These dire circumstances mean that Venezuela, a country that has been traditionally a generous host to refugees, is now grappling with its own displacement crisis. The U.N. estimates that some 5,000 Venezuelans are fleeing their country every day.

Initially the emigrés settled in Colombia, Peru, and other neighboring countries, but many of them started coming in larger numbers to the U.S. in 2021 due to worsening conditions in those South American and Caribbean countries to which they initially fled. Before 2022, many migrants were able to easily enter Mexico (often by air) and make their way to the U.S.-Mexico border. However, after Mexico enacted visa restrictions on Venezuelans in January 2022, a growing number began making the treacherous journey across the Darien Gap and overland through Central America to the U.S. border.

Title 42 and Venezuela

Until the most recent policy changes last fall, Title 42 – a public health measure that has been used since the previous administration to expel asylum-seekers and other border-crossers – could not be applied to Venezuelans.  Because the U.S. does not have diplomatic relations with Venezuela, Venezuelans could not be deported back to that country. However, an agreement was reached last year that provides a mechanism whereby Venezuelans are now being deported from the U.S. to Mexico, and then from Mexico  to Venezuela.

Helping Venezuelans with few family-based resources in the U.S.

As if Venezuelan asylum seekers didn’t have enough hurdles to clear, those arriving now are in a kind of generational vanguard. People have been immigrating to the U.S. from Mexico, Guatemala, Honduras, and El Salvador for decades; this means many new arrivals from those countries have family members in the U.S. who can help them get on their feet. But Venezuelans are just now beginning to arrive here in significant numbers, so they don’t have the same level of family resources to draw upon. Asylum seekers from Venezuela must turn to church groups and other resources as they struggle to stay alive here in the U.S. while they await the outcome of their court proceedings.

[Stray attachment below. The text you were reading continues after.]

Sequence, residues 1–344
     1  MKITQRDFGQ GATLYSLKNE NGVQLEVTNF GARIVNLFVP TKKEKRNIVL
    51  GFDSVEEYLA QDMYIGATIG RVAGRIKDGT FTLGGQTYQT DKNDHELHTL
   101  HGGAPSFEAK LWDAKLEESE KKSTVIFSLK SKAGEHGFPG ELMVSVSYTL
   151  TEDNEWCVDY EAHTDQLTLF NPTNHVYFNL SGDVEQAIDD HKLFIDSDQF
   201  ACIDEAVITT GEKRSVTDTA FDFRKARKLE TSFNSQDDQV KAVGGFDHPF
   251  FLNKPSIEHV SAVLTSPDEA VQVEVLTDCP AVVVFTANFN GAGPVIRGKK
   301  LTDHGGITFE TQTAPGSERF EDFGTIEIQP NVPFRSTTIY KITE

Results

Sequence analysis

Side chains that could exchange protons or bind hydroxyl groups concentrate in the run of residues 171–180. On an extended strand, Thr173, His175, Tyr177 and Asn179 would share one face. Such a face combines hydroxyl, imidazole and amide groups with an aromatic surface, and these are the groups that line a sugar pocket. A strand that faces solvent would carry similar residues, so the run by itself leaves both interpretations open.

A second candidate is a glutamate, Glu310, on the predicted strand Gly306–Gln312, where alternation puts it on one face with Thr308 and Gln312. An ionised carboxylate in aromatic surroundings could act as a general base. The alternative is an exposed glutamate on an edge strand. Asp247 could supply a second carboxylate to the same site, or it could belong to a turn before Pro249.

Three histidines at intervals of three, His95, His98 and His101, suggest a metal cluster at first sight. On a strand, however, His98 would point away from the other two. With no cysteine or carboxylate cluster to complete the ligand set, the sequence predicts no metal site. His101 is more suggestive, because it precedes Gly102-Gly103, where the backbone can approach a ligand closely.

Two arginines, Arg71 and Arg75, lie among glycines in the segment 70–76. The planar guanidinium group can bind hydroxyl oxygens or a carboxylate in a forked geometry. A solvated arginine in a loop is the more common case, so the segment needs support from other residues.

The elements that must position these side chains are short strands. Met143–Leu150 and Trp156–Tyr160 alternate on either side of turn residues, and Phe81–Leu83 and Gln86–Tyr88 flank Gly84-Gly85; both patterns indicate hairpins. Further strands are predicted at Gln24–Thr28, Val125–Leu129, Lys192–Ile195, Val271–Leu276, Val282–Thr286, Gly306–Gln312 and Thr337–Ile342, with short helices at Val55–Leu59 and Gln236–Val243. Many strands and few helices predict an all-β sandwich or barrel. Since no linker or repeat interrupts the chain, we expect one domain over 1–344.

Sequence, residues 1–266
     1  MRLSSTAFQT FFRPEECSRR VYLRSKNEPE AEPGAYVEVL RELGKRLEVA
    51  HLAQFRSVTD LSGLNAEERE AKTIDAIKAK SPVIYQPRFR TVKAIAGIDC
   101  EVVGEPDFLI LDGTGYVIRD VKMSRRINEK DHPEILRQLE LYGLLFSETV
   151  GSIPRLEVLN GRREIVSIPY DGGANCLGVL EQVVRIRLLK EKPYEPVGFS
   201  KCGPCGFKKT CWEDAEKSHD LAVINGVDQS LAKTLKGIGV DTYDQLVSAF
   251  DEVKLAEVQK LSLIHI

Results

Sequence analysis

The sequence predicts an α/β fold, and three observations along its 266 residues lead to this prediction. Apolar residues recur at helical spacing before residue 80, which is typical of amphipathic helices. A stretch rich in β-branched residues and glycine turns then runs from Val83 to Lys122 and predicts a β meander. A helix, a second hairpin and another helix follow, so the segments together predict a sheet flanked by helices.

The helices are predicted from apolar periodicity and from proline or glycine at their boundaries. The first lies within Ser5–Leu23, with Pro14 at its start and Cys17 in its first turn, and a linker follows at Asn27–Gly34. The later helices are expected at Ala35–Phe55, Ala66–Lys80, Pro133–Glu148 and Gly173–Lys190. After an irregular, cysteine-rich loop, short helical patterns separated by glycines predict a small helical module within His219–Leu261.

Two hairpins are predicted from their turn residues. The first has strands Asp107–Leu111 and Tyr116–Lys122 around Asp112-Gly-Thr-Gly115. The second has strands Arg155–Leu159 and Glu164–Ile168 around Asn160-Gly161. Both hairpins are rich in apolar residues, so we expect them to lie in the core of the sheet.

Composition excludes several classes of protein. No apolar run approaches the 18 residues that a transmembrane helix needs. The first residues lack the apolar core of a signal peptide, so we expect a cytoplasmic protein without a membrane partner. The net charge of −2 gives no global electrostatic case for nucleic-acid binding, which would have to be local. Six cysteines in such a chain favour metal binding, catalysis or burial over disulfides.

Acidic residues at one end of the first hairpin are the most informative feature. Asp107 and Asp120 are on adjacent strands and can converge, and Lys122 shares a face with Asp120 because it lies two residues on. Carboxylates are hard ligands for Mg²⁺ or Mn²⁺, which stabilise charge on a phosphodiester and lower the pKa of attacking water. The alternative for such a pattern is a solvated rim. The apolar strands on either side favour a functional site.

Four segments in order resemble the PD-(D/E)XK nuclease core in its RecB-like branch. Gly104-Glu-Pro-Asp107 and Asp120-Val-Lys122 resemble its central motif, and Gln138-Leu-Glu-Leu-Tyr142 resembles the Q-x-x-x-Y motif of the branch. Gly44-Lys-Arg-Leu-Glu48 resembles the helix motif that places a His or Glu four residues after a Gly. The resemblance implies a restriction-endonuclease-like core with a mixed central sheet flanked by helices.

To make their situation even more challenging, they are prohibited by law from seeking employment for at least their first five months in the country. Those with family members back in Venezuela who are starving to death are feeling an unbelievable amount of urgency to get a job so they can send some money home right away.  Additionally, they’re in dire need of funds to pay for an immigration attorney. According to a study published by Syracuse University, asylum seekers who are represented by an attorney have greatly increased odds of winning asylum or other forms of relief from deportation. Nearly nine out of ten asylum seekers who successfully pursued their claims in U.S. immigration were represented by an attorney.

A consideration of the realities Venezuelan asylum seekers face can inform the plans of groups seeking to sponsor them. If you’re interested in learning more about how to plan for all of the exigencies of sponsoring asylum seekers from Venezuela (and elsewhere), HIAS is an organization that offers excellent resources and practical support.

Article written by Cynthia Pulham Wolfe, the communications team lead for PCC4Refugees.